So, the scientific jury is still out on exactly how dangerous it might be for your heart to mix alcohol and caffeine. But when it comes to your brain, experts say that if you put alcohol and caffeine together, the latter effectively “cancels out” some of the former’s effects. This might sound like a good thing, but it can actually be dangerous.
One of the biggest myths out there is that caffeine will help you be more clearheaded and conscientious when you’re drunk. That’s not true.
“A common motive people give for consuming large amounts of caffeine [like] energy drinks along with alcohol is that they are seeking a ‘wide-awake drunk,’ ” Fritz says. Sure, the caffeine can help combat the sleepiness that often comes with a long night of drinking, but it won’t do anything about the way alcohol affects things like your judgment or motor skills.
“The primary effect of the caffeine and alcohol combination is that the sedative effects of alcohol are reduced,” Fritz says. “Your decision-making and coordination will be just as impaired.” Translation: Since you’re drunk, you’ll still be worse at things like making sound choices and driving in a straight line than you would be while sober. You just might not realize it because the caffeine makes you feel all bright-eyed and on top of your game.
There’s even research out there pointing to an association between this alcohol-caffeine-combo and what experts call “alcohol-related harm.”
It should be noted that all these studies looked specifically at mixing alcohol with energy drinks, as opposed to say, a mixed drink with caffeinated soda or a cup of coffee right before you start drinking. So it’s possible that there are other factors in play here, like energy drink ingredients not present in soda (more on that later). Or maybe people who favor this combination over straight up alcohol or caffeine tend to be more risk-prone people in the first place.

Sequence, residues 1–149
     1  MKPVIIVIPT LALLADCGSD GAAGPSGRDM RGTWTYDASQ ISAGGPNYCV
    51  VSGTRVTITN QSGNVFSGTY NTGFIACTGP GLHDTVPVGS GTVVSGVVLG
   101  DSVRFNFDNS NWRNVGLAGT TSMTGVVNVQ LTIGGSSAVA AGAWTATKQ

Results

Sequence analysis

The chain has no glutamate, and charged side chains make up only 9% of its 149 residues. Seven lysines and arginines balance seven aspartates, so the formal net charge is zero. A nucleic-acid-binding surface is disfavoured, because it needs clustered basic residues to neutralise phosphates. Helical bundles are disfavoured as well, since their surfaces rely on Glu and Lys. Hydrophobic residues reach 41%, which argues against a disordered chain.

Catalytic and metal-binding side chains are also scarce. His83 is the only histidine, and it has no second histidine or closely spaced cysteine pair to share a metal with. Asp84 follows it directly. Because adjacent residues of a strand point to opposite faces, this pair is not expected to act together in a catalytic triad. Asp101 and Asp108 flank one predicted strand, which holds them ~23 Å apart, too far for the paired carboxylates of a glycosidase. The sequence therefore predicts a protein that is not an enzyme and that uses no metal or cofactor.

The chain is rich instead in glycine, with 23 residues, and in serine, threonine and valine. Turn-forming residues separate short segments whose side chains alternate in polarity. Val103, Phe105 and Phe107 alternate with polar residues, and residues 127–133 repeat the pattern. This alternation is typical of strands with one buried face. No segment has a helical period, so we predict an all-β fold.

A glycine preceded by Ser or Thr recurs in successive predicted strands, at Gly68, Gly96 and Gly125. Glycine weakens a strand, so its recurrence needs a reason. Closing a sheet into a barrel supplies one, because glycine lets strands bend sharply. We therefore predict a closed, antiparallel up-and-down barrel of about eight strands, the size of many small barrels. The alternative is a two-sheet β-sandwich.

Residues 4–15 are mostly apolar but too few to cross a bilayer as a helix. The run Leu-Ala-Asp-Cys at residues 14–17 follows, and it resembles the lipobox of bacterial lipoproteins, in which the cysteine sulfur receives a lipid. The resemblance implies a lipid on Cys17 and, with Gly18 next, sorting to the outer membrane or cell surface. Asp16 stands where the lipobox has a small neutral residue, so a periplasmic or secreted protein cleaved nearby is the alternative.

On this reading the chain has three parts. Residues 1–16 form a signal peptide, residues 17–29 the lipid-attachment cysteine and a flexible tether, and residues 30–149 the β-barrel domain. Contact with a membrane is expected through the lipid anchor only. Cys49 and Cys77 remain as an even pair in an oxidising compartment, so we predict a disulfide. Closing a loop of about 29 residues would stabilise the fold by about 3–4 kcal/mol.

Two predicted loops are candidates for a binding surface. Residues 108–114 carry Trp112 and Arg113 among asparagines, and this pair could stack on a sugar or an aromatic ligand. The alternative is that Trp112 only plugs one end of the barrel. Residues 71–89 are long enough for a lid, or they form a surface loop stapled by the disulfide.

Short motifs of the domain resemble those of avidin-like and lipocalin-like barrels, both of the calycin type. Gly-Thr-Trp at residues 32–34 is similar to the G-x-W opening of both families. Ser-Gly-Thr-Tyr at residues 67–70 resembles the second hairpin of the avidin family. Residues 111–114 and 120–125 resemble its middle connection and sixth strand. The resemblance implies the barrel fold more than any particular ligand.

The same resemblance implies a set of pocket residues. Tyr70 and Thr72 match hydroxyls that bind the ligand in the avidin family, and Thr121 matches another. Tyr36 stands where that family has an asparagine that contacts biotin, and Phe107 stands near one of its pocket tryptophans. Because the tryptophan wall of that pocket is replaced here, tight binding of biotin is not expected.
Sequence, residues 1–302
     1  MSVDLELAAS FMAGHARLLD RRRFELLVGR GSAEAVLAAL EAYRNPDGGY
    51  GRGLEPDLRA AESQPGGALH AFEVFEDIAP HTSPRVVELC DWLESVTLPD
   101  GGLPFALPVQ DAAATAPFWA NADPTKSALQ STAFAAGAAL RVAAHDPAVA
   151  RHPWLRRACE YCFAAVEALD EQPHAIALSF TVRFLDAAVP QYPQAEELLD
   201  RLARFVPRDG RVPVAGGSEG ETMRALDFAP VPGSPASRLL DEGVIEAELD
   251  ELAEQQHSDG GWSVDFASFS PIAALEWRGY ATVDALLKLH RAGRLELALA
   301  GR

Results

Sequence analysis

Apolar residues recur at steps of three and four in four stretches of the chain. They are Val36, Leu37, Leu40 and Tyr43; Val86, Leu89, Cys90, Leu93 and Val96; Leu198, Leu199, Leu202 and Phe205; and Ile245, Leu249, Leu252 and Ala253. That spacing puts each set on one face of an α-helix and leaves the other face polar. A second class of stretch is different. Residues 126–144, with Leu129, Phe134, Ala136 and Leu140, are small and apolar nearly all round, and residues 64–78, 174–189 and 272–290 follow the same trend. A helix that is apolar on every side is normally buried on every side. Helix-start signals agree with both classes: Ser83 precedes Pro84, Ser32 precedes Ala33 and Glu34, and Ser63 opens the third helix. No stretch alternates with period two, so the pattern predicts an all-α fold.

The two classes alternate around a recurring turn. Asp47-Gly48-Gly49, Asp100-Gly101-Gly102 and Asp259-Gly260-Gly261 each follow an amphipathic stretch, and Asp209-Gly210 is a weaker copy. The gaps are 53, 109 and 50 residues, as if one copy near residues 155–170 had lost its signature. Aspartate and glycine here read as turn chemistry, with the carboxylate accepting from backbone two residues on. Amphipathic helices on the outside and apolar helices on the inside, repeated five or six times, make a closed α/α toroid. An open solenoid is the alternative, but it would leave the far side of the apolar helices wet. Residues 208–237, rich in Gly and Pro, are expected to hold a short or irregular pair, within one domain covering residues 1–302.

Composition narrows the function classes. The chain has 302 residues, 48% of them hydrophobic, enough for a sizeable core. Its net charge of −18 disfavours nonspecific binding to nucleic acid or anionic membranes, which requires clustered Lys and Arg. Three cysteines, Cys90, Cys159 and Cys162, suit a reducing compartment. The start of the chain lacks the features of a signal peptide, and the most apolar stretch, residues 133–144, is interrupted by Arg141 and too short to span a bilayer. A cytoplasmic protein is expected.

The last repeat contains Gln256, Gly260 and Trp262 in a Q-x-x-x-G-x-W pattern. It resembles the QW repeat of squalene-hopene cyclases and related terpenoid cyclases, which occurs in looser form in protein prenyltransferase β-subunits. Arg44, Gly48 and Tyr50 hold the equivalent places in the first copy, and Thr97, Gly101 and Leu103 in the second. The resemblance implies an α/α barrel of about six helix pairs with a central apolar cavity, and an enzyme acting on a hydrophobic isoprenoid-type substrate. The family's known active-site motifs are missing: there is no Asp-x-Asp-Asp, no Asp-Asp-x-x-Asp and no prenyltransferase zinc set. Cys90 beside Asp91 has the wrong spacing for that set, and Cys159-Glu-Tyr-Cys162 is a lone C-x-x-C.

With those caveats in mind, one 2015 review in Drug and Alcohol Dependence analyzing 62 studies found that young adults who drank alcohol with energy drinks experienced more “alcohol-related harm,” like drunk driving and having unprotected sex, than other drinkers.
A different 2015 review in Nutrition Reviews found “compelling evidence” that consuming alcohol and energy drinks is associated with higher rates of binge drinking, engaging in risky sexual behavior, drunk driving, and requiring medical treatment than consuming alcohol alone.
Experts have a few theories why mixing caffeine with alcohol can be more dangerous than alcohol on its own, starting with the simple fact that staying awake for longer probably means you’ll keep drinking longer and you’ll stay out later.